Every weekday on Marketplace, Kai Ryssdal hosts a lively and unexpected exploration of the day’s business and economic news from Wall Street to your wallet.
Trulia and Zillow announced they will join forces in a deal worth a reported $3.5 billion. It looks a lot like something that happens in tech when a sector matures in which companies start buying each other open a so-called roll up. We explain why this happens and what to expect in this business. Plus, Dollar Tree will also be acquiring Family Dollar Stores in a deal valued at $8.5 billion. How have things changed and how are these stores repositioning themselves as the economy recovers? In Detroit, the city water agency is proceeding with its plan to go after individual residents who are delinquent, to scare people into paying up, while negotiating with or otherwise letting slip by the big delinquent users who can fight back. Like Chrysler. And the state of Michigan.
We’ve come to expect lousy earnings reports from Amazon, but yesterday’s was beyond lousy, and the stock is down 11 percent this morning. Has Amazon finally reached a point where it’s going to have to behave like other companies and make some money? Plus, under the Affordable Care Act, healthcare companies are required to spend at least 80 percent of premiums on actual medical care. We’ll explain how these rebates work and who actually gets the money. Also, has the automated red light camera system failed to live up to its promise? The system was created to improve safety on the roads and generate income in cities across the country, but the system has been plagued with controversy; and is increasingly unpopular with drivers.
Facebook’s blow-the-roof off earnings report shows that it has figured out mobile, and is set to dominate the mobile ad world. So how did that happen, and what comes next? Plus, in its latest earnings report, automaker GM has revealed that it expects to spend between $400 million and $600 million to compensate victims of its defective ignition switches. We consider the company’s strategy in handling its massive recall. Also, Twitter released its diversity statistics yesterday. Not surprisingly, they were as dismal as those at Google, Facebook and other tech companies. So now that they know the scope of the problem, what are these companies doing to address it?
Fighting between Israel and Hamas has led some U.S. and European airlines to cancel flights to Israel on safety grounds. We explore how airlines decide when they should or should not fly to a given destination. Plus, Target Corp. opened its first ‘TargetExpress’ store in Dinkytown, Minneapolis today. At 20,000 square feet it’s even smaller than its ‘City Target’ stores. This physical reduction reflects an expansion by the company into new markets, but why has this big box corporation decided to ‘go small’? Is this part of a larger trend by big box stores to make their mark on smaller communities? Plus, how will this move impact the company’s profit margin? We investigate. Also, corporate earnings continue to go up, up, up. But that doesn’t mean these cash-rich companies are going to give you a job. We explain why.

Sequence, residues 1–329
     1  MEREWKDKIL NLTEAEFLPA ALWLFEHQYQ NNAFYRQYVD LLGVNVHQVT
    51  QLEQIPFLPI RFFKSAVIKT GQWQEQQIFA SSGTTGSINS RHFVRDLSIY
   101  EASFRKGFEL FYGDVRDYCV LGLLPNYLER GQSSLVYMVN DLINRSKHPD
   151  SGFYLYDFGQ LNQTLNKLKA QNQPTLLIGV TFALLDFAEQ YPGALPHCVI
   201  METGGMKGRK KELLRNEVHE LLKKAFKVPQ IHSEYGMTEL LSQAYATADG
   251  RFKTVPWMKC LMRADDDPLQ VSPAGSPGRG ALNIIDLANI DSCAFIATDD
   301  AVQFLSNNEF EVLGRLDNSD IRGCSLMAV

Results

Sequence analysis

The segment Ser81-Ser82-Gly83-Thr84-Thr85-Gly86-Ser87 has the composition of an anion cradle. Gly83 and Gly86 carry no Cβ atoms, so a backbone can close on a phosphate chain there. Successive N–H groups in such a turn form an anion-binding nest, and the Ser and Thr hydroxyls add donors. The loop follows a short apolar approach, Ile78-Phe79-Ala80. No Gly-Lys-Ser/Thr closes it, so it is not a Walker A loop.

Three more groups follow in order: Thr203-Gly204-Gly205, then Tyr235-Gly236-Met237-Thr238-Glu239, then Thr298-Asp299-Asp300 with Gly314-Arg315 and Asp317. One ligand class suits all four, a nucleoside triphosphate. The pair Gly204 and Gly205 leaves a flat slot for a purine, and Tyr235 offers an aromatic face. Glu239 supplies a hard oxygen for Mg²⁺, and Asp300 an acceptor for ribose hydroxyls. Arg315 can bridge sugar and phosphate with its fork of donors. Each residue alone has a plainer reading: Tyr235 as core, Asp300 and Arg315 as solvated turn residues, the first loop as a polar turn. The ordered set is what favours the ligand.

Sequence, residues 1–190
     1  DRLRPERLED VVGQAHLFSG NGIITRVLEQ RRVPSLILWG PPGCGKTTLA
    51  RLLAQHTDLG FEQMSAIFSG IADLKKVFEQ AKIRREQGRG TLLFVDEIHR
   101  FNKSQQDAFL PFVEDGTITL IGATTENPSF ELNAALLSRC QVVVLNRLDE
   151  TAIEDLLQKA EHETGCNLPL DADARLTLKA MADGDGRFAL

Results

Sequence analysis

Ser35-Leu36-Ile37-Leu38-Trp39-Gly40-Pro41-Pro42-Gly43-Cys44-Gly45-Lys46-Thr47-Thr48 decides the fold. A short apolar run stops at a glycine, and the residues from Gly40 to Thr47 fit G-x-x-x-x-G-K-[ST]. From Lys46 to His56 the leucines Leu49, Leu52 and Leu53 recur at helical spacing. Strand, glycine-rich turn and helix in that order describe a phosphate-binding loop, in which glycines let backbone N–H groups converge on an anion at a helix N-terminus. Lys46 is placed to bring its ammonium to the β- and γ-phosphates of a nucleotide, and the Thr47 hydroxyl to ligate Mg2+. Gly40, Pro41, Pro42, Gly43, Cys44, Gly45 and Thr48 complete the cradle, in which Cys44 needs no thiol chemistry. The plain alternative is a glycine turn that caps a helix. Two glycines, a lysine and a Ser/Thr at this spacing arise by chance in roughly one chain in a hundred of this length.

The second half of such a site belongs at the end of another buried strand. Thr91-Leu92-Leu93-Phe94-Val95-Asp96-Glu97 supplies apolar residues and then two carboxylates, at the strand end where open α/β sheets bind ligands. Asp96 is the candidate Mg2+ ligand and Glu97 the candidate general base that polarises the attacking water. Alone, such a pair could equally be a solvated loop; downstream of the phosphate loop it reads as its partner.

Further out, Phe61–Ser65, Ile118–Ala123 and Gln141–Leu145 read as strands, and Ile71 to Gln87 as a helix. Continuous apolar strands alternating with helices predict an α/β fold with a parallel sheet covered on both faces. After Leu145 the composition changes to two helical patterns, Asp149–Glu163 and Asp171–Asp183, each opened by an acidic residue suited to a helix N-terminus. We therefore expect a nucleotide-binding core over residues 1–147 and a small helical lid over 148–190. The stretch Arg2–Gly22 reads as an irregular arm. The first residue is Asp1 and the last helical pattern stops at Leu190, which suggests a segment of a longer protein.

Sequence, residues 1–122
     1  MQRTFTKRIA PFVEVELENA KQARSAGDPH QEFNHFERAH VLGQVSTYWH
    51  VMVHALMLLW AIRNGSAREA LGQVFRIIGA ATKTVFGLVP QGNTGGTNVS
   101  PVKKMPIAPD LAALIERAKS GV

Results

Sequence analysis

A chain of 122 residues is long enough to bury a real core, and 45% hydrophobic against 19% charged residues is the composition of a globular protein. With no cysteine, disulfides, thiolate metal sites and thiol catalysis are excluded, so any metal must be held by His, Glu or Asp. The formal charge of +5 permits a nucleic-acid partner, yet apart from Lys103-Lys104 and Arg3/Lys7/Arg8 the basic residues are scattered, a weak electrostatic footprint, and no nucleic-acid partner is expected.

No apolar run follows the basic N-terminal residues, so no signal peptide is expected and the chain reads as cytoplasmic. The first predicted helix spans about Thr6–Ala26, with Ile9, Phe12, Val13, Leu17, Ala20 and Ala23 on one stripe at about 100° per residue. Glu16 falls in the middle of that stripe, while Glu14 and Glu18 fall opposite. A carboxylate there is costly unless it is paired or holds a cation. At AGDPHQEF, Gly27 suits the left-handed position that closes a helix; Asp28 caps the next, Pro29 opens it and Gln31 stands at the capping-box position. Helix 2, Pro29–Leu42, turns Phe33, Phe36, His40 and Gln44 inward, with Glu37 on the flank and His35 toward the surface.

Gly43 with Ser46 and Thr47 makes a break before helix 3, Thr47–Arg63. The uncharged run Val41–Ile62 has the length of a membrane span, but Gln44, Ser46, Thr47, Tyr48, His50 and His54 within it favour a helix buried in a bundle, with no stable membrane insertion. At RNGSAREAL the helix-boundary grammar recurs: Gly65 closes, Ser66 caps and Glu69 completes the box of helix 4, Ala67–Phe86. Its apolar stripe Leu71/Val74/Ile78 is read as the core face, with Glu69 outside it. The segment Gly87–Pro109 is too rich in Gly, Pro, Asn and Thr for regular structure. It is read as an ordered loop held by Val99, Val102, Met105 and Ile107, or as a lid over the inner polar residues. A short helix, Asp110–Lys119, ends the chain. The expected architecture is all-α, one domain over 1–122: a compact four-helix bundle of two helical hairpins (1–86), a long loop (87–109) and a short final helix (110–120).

Is inflation dead? Seems fair to say it’s at least comatose. The latest numbers show little movement in consumer prices and that’s unlikely to change soon. Plus, companies like Comcast and Netflix are raking it in. So what are they doing with all that money? We investigate. Also, Boeing and Delta are in a massive fight right now over this esoteric thing called the Ex-Im bank and how much money ends up in Boeing’s hands. We explain what’s at the core of the fight and how it’s playing out in these two companies that once had a pretty symbiotic relationship.
European leaders are angry with Russia and say President Vladimir Putin should do more to rein in the Russian separatists in Ukraine suspected of being involved in bringing down flight MH17. We examine what sanctions it would take to persuade Russia to change course. Plus, TSA security fees on airline tickets are about to go up. We explain the math behind your ticket. Also, Whirlpool is threatening to leave the EnergyStar program, unless Congress grants immunity from class-action lawsuits. How healthy, and vulnerable, is this label now?